Telomere maintenance is required for chromosome stability, and telomeres are typically replicated by the action of the reverse transcriptase telomerase. In both tumor and yeast cells that lack telomerase, telomeres are maintained by an alternative recombination mechanism. Genetic studies have led to the identification of DNA polymerases, cell cycle checkpoint proteins, and telomere binding proteins involved in the telomerase pathway. However, how these proteins affect telomere-telomere recombination has not been identified to date. Using an assay to trace the in vivo recombinational products throughout the course of survivor development, we show here that three major replicative polymerases, alpha, delta, and epsilon, play roles in telomere-telomere recombination and that each causes different effects and phenotypes when they as well as the telomerase are defective. Polymerase delta appears to be the main activity for telomere extension, since neither type I nor type II survivors arising via telomere-telomere recombination were seen in its absence. The frequency of type I versus type II is altered in the polymerase alpha and epsilon mutants relative to the wild type. Each prefers to develop a particular type of survivor. Moreover, type II recombination is mediated by the cell cycle checkpoint proteins Tel1 and Mec1, and telomere-telomere recombination is regulated by telomere binding protein Cdc13 and the Ku complex. Together, our results suggest that coordination between DNA replication machinery, DNA damage signaling, DNA recombination machinery, and the telomere protein-DNA complex allows telomere recombination to repair telomeric ends in the absence of telomerase.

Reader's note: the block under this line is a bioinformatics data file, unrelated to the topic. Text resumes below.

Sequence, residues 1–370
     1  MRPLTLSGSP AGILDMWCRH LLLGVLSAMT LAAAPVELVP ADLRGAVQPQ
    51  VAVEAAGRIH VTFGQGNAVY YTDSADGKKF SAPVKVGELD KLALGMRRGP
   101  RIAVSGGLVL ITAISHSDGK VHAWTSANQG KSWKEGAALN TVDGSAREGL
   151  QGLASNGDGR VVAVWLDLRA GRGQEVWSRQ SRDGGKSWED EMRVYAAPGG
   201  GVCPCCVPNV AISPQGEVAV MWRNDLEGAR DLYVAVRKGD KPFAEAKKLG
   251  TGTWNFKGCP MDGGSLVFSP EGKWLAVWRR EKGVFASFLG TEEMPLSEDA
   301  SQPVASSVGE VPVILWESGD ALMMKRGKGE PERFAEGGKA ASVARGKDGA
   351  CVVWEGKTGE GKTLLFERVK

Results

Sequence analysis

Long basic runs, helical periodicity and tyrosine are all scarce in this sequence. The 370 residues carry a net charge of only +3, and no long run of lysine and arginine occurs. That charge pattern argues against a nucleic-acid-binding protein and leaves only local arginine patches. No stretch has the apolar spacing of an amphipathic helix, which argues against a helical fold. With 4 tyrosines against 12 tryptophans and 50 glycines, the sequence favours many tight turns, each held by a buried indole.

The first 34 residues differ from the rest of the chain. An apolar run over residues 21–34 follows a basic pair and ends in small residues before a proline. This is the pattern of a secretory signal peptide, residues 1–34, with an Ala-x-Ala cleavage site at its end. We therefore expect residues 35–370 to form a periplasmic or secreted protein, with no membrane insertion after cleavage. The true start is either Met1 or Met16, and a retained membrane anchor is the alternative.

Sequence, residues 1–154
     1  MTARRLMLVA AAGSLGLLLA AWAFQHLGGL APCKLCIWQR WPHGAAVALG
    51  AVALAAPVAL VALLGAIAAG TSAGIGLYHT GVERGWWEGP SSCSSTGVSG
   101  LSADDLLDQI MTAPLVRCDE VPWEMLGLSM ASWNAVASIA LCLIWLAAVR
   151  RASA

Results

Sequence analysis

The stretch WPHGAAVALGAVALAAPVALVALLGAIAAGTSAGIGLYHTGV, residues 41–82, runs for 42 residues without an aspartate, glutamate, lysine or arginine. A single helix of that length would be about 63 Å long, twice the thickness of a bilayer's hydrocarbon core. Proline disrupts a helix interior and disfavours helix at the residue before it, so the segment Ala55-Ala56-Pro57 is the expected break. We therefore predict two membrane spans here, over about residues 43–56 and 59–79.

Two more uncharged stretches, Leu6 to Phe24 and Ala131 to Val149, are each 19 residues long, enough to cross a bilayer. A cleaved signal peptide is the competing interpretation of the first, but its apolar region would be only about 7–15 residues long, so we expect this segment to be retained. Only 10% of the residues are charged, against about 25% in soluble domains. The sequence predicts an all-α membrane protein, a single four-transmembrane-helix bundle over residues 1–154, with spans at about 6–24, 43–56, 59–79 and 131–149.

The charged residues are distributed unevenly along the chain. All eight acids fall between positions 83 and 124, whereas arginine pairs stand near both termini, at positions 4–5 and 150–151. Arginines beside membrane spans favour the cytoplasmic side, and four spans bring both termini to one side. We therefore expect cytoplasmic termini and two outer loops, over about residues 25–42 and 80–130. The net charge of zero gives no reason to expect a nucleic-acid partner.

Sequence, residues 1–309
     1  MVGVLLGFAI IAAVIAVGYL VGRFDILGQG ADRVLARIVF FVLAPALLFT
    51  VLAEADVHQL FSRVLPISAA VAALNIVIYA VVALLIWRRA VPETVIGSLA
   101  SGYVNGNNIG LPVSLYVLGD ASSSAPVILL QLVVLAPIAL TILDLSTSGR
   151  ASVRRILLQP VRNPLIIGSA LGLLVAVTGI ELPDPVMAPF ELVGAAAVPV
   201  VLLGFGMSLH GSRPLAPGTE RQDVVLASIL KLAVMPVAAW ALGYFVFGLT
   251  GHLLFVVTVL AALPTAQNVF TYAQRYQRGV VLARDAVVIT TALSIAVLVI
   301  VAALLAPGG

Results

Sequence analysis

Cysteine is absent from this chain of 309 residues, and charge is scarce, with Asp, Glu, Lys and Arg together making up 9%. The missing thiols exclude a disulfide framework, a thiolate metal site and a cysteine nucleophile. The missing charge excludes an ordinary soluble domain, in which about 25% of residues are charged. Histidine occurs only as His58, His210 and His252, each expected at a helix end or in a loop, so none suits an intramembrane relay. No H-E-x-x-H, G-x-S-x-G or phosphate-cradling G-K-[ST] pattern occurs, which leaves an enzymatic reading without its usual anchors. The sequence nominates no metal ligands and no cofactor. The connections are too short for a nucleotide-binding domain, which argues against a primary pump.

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|Evidence ID||Analyze ID||Gene||Gene Systematic Name||Phenotype||Experiment Type||Experiment Type Category||Mutant Information||Strain Background||Chemical||Details||Reference|
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